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Design for the Riparian Brush Rabbit

(Above) Photo from US Fish and Wildlife Service.

The riparian brush rabbit Sylvilagus bachmain riparius is state and federally endangered, with all known populations in the northern San Joaquin Valley facing significant threat of extinction. Declines of brush rabbits have largely been attributed to loss of habitat. These rabbits require dense cover from predators and elevated lands to that are well covered during high waters from floods. The US Fish and Wildlife Habitat Assesment Guidelines and Survey Protocol provide some information about rabbit habitat requirements.

The rabbits are preyed upon by hawks, therefore it is best to plant patches of rabbit habitat without tall trees, as the birds can use these to search the area for prey. Protection from predators is generally sought in dense thickets of rose and blackberry. Trellising plants like elderberry can create additional aerial coverage over the thickets. When possible, these patches of cover should be planted on elevated ground to be used as flood refugia. On the San Joaquin Refuge, “bunny mounds” are constructed to provide well protected flood refugia. The rabbit foraging areas consist of low herbaceous plants such as Spanish clover, gumplant and native grasses, and these should be planted adjacent to patches of cover.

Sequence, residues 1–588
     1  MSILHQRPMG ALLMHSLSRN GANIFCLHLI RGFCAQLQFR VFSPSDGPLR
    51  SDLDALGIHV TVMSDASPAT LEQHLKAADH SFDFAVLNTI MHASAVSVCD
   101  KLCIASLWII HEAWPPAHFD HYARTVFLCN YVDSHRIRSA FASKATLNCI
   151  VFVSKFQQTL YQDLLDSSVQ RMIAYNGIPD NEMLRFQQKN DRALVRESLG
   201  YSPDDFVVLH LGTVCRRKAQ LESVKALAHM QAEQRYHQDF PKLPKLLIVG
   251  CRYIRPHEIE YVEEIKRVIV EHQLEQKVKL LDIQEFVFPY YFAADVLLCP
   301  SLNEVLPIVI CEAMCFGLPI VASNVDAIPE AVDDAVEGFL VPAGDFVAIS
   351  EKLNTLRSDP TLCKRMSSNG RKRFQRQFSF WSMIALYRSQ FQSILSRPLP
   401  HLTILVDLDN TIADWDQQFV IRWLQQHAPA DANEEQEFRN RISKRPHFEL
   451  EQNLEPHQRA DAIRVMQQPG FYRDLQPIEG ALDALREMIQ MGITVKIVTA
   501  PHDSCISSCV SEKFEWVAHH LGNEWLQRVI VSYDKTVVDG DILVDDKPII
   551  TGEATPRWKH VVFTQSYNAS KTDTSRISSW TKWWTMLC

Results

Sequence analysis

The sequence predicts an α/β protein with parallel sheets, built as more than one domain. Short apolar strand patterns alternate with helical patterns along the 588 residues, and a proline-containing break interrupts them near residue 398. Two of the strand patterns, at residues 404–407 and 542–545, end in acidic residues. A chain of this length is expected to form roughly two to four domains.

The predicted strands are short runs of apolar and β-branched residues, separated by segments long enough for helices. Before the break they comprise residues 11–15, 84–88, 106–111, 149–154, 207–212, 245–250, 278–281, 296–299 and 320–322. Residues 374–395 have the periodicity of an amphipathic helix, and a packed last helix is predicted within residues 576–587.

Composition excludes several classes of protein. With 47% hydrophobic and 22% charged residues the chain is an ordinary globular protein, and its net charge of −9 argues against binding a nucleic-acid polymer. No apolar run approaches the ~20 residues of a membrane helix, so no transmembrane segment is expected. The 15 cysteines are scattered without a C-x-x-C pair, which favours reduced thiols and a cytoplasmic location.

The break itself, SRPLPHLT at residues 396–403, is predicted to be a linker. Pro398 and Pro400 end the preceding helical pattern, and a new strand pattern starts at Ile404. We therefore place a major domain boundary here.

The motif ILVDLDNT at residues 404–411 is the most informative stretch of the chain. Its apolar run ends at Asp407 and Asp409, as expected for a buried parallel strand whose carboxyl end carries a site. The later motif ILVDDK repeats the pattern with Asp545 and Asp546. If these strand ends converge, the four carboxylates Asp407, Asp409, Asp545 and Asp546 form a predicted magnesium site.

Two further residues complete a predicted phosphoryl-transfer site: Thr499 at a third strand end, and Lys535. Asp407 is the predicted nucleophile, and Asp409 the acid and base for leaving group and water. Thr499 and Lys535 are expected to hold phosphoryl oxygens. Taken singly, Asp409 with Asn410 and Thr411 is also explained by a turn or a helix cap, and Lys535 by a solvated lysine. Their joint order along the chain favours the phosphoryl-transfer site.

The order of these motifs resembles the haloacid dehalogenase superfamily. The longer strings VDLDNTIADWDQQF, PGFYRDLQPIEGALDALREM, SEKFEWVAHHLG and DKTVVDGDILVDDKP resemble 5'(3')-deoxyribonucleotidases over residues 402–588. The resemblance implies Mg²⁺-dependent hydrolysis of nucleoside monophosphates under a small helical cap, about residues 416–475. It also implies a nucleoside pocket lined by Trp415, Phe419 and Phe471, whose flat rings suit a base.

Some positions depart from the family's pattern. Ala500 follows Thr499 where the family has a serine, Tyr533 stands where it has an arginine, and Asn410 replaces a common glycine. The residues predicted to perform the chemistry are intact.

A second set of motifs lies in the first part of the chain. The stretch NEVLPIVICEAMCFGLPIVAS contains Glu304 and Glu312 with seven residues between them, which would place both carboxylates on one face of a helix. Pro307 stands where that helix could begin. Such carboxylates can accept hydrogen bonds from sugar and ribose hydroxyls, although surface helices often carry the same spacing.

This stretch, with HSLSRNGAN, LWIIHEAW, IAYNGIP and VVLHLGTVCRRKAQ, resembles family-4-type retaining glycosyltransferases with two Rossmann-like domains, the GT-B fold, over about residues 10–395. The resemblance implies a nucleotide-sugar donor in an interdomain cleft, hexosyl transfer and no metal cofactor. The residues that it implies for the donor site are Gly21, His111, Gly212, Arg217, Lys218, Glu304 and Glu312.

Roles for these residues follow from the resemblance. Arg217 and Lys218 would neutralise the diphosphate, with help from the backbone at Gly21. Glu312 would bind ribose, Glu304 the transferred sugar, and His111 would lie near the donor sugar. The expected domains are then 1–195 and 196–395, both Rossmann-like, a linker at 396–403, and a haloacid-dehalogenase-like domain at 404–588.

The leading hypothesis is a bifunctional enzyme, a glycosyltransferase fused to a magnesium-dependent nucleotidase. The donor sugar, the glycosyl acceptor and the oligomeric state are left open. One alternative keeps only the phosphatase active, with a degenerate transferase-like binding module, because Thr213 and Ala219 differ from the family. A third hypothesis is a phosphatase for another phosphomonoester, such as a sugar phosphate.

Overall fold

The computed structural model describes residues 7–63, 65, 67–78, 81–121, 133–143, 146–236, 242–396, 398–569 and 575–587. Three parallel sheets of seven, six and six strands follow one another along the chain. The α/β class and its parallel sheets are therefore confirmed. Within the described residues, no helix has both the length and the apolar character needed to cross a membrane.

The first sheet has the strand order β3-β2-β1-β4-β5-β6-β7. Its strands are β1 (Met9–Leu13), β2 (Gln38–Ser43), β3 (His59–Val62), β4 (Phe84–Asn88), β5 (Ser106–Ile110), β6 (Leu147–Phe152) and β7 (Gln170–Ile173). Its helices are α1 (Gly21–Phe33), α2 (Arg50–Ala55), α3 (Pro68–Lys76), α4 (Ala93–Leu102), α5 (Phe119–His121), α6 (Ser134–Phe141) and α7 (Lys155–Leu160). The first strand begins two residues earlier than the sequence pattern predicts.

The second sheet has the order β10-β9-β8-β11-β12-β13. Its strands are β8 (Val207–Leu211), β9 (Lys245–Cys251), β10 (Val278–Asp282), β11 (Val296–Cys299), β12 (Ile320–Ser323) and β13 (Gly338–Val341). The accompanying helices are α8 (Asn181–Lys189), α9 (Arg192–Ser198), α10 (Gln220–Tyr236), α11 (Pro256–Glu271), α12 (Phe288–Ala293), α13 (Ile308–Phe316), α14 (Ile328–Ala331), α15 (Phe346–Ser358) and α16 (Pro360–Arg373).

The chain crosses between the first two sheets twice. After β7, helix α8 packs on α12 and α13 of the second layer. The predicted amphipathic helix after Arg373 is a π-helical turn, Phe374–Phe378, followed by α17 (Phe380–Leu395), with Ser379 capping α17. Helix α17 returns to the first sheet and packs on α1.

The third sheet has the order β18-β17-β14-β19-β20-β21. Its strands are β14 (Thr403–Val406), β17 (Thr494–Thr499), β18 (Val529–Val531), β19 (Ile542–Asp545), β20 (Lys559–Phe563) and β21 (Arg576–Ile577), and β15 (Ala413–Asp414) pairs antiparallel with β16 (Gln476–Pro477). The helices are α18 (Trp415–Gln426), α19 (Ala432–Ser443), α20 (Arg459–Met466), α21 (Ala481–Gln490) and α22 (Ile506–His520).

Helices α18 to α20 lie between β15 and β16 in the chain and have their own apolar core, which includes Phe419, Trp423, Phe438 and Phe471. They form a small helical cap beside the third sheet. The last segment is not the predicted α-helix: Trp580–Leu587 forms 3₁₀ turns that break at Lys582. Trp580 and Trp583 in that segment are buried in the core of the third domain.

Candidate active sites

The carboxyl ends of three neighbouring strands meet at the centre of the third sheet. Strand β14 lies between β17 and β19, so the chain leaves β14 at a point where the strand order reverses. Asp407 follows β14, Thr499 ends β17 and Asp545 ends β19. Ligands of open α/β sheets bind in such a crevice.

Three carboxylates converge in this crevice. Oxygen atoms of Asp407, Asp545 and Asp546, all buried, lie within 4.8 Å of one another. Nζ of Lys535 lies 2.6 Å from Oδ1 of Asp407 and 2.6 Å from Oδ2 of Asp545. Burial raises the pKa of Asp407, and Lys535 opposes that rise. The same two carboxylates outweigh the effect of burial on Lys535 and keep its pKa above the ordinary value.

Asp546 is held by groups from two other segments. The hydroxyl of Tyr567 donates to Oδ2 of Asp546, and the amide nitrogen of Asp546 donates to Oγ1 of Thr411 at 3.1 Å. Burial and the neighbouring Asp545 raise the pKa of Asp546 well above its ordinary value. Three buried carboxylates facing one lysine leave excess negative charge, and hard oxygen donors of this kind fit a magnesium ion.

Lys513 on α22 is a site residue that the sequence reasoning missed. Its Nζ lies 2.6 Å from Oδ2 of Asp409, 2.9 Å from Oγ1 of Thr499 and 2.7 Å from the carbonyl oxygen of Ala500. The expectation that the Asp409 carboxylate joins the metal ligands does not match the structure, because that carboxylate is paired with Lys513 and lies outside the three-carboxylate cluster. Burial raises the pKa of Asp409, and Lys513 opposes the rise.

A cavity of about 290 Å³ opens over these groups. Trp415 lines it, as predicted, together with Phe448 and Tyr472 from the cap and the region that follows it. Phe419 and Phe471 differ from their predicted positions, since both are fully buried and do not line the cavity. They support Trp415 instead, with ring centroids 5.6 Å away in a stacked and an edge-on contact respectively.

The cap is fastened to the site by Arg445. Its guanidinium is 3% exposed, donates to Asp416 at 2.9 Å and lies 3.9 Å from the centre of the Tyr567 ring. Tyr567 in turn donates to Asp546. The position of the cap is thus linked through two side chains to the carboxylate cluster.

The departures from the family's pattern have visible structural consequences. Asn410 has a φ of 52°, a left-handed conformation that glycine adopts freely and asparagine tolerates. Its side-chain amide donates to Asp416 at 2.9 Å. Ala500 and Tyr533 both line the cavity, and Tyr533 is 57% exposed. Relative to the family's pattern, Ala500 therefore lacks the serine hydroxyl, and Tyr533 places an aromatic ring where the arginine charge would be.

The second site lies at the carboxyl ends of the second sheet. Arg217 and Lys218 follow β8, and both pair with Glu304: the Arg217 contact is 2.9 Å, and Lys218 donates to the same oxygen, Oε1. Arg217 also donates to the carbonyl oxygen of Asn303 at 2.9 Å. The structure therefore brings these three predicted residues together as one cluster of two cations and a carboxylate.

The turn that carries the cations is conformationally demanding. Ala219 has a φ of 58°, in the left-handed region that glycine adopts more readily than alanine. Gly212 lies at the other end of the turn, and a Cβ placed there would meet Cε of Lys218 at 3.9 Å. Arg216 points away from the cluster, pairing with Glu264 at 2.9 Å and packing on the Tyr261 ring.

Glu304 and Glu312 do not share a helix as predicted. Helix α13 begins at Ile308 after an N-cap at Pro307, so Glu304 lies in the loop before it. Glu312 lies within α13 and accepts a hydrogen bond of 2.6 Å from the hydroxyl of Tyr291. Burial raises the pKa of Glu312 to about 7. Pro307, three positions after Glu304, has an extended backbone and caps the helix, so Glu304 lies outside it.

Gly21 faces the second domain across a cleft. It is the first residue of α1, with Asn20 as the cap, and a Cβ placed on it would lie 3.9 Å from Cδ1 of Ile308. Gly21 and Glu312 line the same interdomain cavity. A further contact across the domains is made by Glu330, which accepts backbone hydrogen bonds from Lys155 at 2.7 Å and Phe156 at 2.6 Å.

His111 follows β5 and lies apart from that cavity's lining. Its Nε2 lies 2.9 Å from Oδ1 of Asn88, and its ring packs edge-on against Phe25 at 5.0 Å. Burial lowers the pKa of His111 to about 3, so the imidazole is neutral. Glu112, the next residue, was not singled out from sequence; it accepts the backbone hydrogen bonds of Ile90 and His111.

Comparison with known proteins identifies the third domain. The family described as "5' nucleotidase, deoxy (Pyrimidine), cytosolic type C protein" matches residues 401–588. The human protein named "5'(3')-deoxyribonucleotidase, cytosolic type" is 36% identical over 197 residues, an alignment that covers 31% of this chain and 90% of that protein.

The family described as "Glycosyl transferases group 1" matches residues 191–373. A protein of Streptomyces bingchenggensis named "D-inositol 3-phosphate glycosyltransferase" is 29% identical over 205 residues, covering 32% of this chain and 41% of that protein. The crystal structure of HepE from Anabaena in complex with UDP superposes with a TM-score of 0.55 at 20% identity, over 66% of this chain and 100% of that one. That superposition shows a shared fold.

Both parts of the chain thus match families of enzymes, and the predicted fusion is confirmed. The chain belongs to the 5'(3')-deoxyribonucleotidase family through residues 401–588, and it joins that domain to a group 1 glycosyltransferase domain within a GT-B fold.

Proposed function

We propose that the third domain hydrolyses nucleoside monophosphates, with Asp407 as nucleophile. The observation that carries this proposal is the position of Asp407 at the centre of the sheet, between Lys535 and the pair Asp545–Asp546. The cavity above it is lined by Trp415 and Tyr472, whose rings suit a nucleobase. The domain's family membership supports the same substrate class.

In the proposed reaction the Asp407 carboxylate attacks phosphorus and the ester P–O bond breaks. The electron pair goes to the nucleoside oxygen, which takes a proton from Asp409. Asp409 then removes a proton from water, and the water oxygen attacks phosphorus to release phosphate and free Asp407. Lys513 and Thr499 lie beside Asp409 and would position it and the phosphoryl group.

Riparian Brush Rabbit Habitat

(Above) Riparian Brush Rabbit Habitat

Bunny Mound

(Above) Bunny mounds are planted with a dense network of wild rose and California blackberry on the slopes with coyote brush, mulefat, and elderberry on the top of the mound.